NYSNA Nurses at Gracie Square Hospital Vote To Ratify Contract
Agreement comes on the heels of an overwhelming vote to authorize a strike
Contract addresses two of the most important demands: safe staffing and respectful wages for nurses
New York, NY—On Friday afternoon, New York State Nurses Association (NYSNA) nurses at Gracie Square Hospital, part of the NewYork-Presbyterian health system and one of the few dedicated psychiatric hospitals in New York City, ratified a new contract with an overwhelming majority of nurses voting in favor of ratification.
The new three-year contract, which will be in effect until May 2026, includes significant gains, such as wage increases and additional staffing. Nurses gained an 18% base salary increase over the course of the contract with yearly increases of about 7%, 6% and 5% with full retroactive pay. These increases are in line with increases at other NewYork-Presbyterian hospitals that have recently settled contracts with NYSNA.
The agreement includes additional staffing with the immediate hire of 10.4 new nurses to cover both day and night shifts, improving safe patient care.
It also strengthens accountability of safe staffing guidelines with the implementation of an external grievance and arbitration processes.
Other contract highlights include the addition of Juneteenth (June 19) as a holiday, increased tuition reimbursement, and an added protection against gender-based discrimination.
The ratification comes on the heels of a recent strike authorization vote with 95% of members voting ‘yes’ to strike. That vote sent a strong message to management that nurses put safe staffing for their patients at the forefront of their fight.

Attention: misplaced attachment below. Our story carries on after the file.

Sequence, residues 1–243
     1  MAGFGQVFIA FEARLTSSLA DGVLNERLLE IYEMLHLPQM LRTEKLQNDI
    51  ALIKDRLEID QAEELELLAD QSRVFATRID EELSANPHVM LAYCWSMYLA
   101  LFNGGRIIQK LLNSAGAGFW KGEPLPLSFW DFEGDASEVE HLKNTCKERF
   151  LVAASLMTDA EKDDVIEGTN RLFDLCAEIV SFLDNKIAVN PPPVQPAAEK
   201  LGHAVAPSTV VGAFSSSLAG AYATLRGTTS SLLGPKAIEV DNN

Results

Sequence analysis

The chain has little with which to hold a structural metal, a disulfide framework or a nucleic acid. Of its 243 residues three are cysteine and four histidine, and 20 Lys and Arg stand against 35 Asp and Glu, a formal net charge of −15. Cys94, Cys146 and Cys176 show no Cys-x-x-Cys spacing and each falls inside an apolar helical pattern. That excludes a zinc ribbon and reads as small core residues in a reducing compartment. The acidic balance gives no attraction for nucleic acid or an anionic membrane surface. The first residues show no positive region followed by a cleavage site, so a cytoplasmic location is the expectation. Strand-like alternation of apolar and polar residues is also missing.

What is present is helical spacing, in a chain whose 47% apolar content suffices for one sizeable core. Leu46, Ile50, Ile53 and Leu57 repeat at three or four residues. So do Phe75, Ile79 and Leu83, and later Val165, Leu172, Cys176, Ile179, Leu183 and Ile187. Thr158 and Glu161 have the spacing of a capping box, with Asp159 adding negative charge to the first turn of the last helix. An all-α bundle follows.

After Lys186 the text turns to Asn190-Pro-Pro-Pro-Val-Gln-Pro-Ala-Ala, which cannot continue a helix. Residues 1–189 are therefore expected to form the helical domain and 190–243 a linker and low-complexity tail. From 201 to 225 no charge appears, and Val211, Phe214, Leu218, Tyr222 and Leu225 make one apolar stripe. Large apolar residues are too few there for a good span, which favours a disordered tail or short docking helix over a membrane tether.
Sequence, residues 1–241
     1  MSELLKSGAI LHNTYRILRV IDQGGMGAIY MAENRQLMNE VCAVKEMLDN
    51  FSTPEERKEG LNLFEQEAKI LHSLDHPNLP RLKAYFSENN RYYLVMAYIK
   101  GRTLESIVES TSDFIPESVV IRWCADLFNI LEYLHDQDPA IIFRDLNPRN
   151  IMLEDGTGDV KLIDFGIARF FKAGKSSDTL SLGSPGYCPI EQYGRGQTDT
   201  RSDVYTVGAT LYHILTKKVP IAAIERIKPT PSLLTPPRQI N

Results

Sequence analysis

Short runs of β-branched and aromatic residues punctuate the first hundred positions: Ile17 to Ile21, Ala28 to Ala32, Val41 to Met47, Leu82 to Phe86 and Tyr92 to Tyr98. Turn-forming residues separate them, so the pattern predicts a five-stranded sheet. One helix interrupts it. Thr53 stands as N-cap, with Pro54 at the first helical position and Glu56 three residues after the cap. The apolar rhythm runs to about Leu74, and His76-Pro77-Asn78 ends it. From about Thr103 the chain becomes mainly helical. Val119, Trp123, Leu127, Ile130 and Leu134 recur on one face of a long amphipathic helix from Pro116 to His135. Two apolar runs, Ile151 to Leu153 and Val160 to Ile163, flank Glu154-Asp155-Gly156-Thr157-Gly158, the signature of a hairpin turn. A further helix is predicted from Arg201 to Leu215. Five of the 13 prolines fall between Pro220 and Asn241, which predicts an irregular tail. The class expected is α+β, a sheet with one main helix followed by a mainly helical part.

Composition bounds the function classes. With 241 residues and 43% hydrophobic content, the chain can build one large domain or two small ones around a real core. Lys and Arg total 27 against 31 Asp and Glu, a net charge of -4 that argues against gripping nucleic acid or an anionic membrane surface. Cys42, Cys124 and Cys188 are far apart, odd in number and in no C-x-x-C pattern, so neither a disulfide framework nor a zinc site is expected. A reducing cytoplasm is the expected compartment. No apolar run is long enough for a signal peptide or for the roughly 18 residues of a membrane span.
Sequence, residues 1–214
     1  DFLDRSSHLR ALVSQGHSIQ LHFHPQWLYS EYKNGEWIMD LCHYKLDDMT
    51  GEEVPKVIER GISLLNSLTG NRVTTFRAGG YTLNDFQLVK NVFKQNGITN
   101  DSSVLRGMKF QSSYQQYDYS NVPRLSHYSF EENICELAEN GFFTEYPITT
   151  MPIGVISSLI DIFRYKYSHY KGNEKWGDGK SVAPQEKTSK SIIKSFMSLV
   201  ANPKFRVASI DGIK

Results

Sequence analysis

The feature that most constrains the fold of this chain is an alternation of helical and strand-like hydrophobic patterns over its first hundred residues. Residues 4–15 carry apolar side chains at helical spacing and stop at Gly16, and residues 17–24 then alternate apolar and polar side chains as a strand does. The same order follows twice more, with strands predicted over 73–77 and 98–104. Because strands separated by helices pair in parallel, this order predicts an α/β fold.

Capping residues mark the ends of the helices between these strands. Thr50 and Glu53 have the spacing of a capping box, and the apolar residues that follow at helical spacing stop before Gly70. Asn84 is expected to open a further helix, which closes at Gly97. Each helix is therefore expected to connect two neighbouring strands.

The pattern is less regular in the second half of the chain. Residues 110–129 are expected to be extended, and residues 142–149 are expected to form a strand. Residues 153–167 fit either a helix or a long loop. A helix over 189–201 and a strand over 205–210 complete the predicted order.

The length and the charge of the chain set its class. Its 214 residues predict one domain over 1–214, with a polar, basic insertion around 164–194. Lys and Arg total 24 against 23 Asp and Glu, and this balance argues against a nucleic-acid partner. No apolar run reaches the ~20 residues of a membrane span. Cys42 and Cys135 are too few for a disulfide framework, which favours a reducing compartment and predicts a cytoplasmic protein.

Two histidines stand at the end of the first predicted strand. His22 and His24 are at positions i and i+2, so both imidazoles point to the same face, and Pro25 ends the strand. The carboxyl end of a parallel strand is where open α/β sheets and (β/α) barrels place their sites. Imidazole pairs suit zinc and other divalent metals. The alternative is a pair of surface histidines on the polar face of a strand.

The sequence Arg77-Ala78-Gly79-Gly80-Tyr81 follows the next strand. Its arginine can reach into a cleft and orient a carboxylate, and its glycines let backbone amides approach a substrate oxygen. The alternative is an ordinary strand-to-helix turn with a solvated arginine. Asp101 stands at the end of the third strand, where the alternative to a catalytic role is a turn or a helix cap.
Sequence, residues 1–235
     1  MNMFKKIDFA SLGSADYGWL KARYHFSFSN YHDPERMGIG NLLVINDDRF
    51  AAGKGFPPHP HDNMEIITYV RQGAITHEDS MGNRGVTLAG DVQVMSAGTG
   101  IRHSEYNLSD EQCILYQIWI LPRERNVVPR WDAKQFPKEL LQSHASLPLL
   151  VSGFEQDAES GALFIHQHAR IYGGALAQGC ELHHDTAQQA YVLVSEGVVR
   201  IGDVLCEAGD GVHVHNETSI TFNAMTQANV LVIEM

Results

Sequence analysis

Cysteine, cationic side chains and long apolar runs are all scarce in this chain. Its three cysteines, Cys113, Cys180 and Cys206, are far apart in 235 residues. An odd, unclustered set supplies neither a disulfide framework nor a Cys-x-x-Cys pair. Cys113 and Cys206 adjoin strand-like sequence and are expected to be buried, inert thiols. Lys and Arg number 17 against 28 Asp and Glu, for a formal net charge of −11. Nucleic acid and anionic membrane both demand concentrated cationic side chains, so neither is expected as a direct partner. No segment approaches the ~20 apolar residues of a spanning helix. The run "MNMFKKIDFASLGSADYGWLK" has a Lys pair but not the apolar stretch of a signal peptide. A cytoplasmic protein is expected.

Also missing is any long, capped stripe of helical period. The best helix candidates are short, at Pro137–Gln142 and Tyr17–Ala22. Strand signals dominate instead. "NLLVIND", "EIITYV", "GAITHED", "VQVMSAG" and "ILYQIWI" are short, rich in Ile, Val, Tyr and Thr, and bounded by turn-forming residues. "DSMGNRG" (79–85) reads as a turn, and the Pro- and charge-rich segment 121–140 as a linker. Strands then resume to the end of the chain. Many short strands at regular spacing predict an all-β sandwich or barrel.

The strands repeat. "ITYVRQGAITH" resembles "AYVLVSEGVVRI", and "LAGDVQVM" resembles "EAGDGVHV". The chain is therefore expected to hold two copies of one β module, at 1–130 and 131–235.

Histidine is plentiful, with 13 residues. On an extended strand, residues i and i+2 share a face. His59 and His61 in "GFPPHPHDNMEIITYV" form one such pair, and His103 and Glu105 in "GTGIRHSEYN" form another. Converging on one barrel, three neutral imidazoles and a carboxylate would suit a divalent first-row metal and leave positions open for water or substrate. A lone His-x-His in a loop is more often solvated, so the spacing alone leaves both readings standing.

NYSNA President Nancy Hagans, RN, BSN, CCRN said: “This is the first time Gracie Square Hospital nurses have taken a vote to strike, which demonstrates the seriousness of the issues they face and their commitment to patient and nurse safety. We are proud of what they've achieved for their patients and profession. When we fight, we win.”
NYSNA Executive Committee member Mitchelle Salih, RN, said “Gracie Square nurses made it clear from the beginning that this was a fight for safe patient care. Thanks to our nurses’ unwavering commitment and participation, we won improved staffing standards and better wages so we can provide a vulnerable population with the care they deserve. I couldn’t be prouder of what we accomplished together.”
The New York State Nurses Association represents more than 42,000 members in New York State. We are New York’s largest union and professional association for registered nurses. NYSNA is an affiliate of National Nurses United, AFL-CIO, the country's largest and fastest-growing union and professional association of registered nurses, with more than 225,000 members nationwide.